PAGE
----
In 1959, City and State (statehood had come) officials met to discuss the near-completion of the fill behind the seawall.  The State Land Commissioner said that the area could be filled another six feet above the top of the seawall.  With this permission, the City continued filling.  As the height increased, the State expressed concern over the mountain of ash which was growing so rapidly.  The State finally told the City in 1971 to stop placing any more ash at Kewalo.  Parts of the ash pile were then 25 feet above the top of the seawall.  Some people wondered what could be done with a mountain of ash at the shoreline.  An entrepreneur took samples of the ash to find some economic use, but he could not.  In 1992, the State constructed a waterfront park on the ash pile.  The most distinctive and enjoyable parts of the park are the steep, grassy hills of covered incinerator ash, where the young and the young-at-heart slide down on cardboard sleds.  Didn't Hawaiian Royalty also slide downhill on grass in years past?

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Refuse Disposal In Kailua

 In 1940, Castle Estate gave the City permission to establish a dump site on Kaneohe Bay Drive.  Shortly after, the Estate also gave the Army permission to use an adjoining piece of land for a dump site.  The Army sought this site so that it would not have to pay the City for the use of the City's dump.  The only problem for the City from the arrangement was that, although the Army dumped rubbish on their own site, they did not do anything to maintain it.  Because the Army's dump was a mess, the City's bulldozer was forced to maintain the Army's dump, too.  This is not to say that the City's dump was a thing of beauty.  An open burning dump has a generic quality that is hard to control or beautify.  Some cynics say that when you've seen one dump, you've seen them all.  As the surrounding areas became more developed with passing years, complaints mounted regarding the unsightly dumps right on the highway.  

Castle Estate again helped the City by providing a 10-acre site in Kawainui Swamp in 1953 for the next dump.  So, the Aikahi Dump closed, and the Kawainui Dump took its place.  It was hoped that surrounding development would keep away from this dump to allow perhaps 10 years of use.  The swamp did keep development from getting too close to the dump, but new air pollution laws were starting to be considered and passed.  Also, as fate would have it, nearby hills in Kailua contributed to an air inversion which trapped smoke from the dump and channeled a stream of odors to the Kailua community.  In response to community complaints, Kawainui became the site of the City's first landfill in 1963, after Castle Estate gave the City the use of yet another site, this time right across the road from the dump.  Open burning at the dump was stopped, and landfill activities alternated between the two sites.  In the meantime, the City tentatively decided to expand its incineration program and purchased the old Kapaa Quarry for an incinerator and ash disposal site.  However, incineration did not seem such a good idea for an area with frequent air inversions, so in 1972, the deep pit left at the old quarry became the site of the next landfill.  The Kapaa quarry operation had excavated rock right up to the edge of the Pahukini Heiau.  This left the stones of the heiau wall a few feet from the edge of a crumbling, hundred-foot cliff.  The stability of the heiau was restored, however, after the old quarry was filled with solid waste, the cliff being replaced by gently sloping ground.  The City, Ameron HC&D (quarry operator) and community groups then worked on programs to restore and protect the heiau, with expertise from the Bishop Museum.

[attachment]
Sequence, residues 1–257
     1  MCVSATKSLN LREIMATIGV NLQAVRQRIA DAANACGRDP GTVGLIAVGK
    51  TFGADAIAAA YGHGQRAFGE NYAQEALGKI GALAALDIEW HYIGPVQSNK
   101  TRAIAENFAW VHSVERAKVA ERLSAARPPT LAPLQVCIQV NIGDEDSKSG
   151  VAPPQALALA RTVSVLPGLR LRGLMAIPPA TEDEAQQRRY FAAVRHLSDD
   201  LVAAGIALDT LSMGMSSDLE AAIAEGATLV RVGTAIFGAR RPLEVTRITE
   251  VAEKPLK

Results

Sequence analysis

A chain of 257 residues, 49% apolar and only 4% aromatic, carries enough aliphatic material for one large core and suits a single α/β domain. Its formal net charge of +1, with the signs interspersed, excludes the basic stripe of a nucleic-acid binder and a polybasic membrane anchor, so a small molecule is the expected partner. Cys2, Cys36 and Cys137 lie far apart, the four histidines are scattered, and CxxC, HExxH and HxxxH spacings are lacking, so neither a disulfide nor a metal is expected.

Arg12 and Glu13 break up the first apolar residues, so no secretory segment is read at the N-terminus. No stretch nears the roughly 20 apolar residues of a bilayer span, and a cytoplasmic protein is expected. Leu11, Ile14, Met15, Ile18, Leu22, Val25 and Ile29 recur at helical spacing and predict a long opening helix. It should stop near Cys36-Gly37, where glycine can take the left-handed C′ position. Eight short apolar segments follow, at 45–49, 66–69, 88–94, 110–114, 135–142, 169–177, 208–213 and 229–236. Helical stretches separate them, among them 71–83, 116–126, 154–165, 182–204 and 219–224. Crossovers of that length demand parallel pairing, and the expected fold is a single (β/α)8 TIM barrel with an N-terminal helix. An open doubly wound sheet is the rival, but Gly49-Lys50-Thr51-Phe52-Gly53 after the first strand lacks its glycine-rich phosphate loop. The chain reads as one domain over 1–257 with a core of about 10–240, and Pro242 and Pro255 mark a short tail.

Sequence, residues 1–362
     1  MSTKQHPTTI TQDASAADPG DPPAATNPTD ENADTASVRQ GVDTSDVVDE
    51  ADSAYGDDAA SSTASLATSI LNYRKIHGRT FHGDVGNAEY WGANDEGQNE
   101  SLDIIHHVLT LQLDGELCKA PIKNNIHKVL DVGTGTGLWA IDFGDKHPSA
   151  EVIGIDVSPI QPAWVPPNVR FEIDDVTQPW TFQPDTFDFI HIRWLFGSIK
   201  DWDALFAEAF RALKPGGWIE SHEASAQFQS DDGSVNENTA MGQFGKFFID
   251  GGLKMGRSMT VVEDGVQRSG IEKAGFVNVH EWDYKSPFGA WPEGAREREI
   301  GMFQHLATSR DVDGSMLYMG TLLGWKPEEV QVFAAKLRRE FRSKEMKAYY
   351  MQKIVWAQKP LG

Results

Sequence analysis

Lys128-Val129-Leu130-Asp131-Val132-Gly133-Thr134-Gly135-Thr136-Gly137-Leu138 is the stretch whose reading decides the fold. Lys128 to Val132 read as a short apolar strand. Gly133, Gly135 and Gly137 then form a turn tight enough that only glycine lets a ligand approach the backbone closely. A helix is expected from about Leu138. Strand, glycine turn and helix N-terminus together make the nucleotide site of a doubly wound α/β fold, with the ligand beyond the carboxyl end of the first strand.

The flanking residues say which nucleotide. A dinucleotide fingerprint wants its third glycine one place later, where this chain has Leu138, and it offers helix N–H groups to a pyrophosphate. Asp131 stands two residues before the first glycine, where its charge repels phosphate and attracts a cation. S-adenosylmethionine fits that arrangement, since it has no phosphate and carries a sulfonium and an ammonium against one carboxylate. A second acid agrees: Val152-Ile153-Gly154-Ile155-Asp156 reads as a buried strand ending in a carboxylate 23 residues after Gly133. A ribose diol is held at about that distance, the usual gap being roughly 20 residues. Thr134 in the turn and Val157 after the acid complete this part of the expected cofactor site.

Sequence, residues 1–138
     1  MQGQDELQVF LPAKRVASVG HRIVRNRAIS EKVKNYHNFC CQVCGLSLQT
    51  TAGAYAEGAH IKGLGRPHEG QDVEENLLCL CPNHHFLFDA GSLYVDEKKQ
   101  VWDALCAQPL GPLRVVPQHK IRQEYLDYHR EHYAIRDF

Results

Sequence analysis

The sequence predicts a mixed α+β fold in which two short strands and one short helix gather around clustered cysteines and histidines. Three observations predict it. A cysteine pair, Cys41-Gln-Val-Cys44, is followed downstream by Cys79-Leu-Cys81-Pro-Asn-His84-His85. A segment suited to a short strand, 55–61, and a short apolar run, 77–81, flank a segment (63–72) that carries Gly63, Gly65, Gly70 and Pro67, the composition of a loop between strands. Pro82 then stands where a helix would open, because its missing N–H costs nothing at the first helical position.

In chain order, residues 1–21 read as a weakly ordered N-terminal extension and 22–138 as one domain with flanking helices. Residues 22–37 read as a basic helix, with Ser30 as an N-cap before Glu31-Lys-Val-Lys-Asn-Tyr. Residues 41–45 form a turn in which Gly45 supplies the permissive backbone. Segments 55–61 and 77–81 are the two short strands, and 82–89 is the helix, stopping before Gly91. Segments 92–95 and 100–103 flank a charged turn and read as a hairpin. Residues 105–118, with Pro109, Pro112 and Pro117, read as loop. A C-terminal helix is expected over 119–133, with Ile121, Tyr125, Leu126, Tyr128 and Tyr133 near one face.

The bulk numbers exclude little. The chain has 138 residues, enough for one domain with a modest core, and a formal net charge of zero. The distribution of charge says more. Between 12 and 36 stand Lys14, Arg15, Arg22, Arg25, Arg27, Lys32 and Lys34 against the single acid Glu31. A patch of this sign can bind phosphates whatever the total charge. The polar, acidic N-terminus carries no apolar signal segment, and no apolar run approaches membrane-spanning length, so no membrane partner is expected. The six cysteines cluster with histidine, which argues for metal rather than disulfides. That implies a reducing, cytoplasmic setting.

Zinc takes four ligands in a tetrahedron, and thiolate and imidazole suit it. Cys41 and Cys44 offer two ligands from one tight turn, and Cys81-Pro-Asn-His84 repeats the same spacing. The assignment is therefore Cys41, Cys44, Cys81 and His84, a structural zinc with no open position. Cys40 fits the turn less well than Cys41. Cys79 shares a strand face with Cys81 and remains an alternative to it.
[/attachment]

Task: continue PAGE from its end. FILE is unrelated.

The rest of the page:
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How It Was Collected 

Horse-drawn wagons were first used for the collection of refuse.  Some old-timers of the Refuse Division remember the horses being stabled in Kakaako.  It is not known when trucks displaced horses, but it is noted that in 1919 a garbage truck was purchased for $560.  By 1923, ten garbage trucks were inventoried at a first cost of $4,500.  The vehicles were described as being Moreland trucks.  A 1925 report by the City Planning Engineer stated that trucks made four or five loads of rubbish per day.  The average load was 4,750 pounds.  The report further stated that the number of homes served on each load was approximately 20.  There must be something we don't understand about those statistics, because this works out to an astounding 237 pounds collected from each home on each collection day.  The 1925 report stated that 105 tons of refuse was collected daily from the City of Honolulu.  An analysis of 10 loads from various parts of the City was presented:

Glass bottles, dishes                                        2.7 percent

Tin cans and other tin ware                                6.5

Cast iron, auto parts                                         3.6

Paper, cardboard, magazines and books          36.9

Rags, clothing                                                 2.4

Wood, boxes                                                   9.2

Excelsior, straw                                               1.3

Refuse from barns, chicken yards                      0.9

Bones                                                             0.3

Vegetable matter, grass                                  10.1

Shoes, leather                                                 0.8

Rubber tires and tubes                                     0.7

Mattresses, linoleum                                        0.6

Palm and banana plants                                 17.7